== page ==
I was trained in a faith-based, Continuing Care Retirement Community (CCRC) that offered independent living, assisted living, and a nursing home all on one campus.  A CCRC will allow the senior to move between the various levels of care without having to move out of the building or complex, thus saving the senior and his/her family the stress and heartache of having to move a second time.  In the case of a couple, if a husband or wife requires a different level of care, placement at a CCRC will allow them to remain together in the same home.  If a resident needs short term rehabilitation, most of the skilled nursing areas of CCRCs are certified by Medicare.  The necessary rehabilitation programs are offered right there without having to temporarily move to another community.  Therefore, I wasn’t surprised to see the posted article’s author predicating that CCRCs will be one of the most profitable options for senior housing.

REAL LIFE STORY

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Many seniors have a tendency to keep private their financial realities. However, if your senior loved one purchased long-term care insurance to cover the costs of a stay in a community or to hire non-medical home care, you will want to ask if you can look at it. I say this based on the experience I had with my mother, and I share our story lest you should have the same experience.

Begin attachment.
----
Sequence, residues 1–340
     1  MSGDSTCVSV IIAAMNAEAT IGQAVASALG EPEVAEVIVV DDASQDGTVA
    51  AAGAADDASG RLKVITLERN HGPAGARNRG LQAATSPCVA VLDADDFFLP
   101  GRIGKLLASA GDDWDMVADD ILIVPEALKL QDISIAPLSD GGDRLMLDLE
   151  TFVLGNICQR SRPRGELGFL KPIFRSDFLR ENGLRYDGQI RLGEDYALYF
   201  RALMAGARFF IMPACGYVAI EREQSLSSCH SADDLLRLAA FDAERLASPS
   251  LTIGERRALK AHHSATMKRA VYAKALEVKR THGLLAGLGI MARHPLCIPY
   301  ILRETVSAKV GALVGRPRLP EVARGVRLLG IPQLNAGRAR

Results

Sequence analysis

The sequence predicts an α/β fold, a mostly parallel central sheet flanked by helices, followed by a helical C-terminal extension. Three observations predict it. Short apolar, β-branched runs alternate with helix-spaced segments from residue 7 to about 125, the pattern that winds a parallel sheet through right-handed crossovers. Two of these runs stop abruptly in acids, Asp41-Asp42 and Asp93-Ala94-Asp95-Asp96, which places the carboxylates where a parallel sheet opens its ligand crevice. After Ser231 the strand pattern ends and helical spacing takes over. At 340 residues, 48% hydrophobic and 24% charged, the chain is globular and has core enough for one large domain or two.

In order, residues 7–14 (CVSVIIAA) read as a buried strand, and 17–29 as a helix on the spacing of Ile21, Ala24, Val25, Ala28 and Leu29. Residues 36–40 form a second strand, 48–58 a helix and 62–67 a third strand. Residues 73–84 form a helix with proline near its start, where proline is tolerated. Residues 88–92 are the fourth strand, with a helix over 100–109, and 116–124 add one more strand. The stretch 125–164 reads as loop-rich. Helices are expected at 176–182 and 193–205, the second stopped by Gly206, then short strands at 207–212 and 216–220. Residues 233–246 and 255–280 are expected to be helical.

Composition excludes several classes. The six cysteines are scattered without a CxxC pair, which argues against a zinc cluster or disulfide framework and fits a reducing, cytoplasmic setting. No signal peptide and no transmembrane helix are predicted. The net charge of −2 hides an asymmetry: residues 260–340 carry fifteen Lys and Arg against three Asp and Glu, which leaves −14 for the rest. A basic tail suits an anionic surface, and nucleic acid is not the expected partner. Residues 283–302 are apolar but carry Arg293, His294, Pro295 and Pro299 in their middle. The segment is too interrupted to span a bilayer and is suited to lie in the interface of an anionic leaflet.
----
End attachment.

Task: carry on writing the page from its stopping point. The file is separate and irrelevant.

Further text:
My mother purchased a long-term care policy 25 years ago. I was amazed that the insurance carriers were able to underwrite her at age 70. Thankfully, she was well enough to pass the underwriting since she had no serious medical issues at the time. However, the agent who sold the policy to her (and who had bragged that she was the number one producer at her company) was not exactly prudent when designing the structure of the plan for a claim that could occur in the far future. The plan that was sold to my mother included a 90-day waiting period before any benefit would be paid. Such waiting periods are common. The plan maximum paid up to $100 per day. That, too, was all right for a plan that was purchased 25 years ago. However, the agent neglected to sell my mother her an inflation guard benefit which would increase her plan’s benefit by 3-4% per year. If an inflation guard benefit had been included, the benefit she would receive would be much more in line with the currents costs charged by her senior living community. The bottom line is, based on the plan purchased 25 years ago, my mother will receive a benefit that will cover $3,000 of her $6,000 monthly cost.

While I am thankful she had the policy, it would have been more valuable if the inflation coverage had been included at its inception. If you know or suspect your aging loved one has purchased a long-term care policy, ask if you can sneak a peek at it!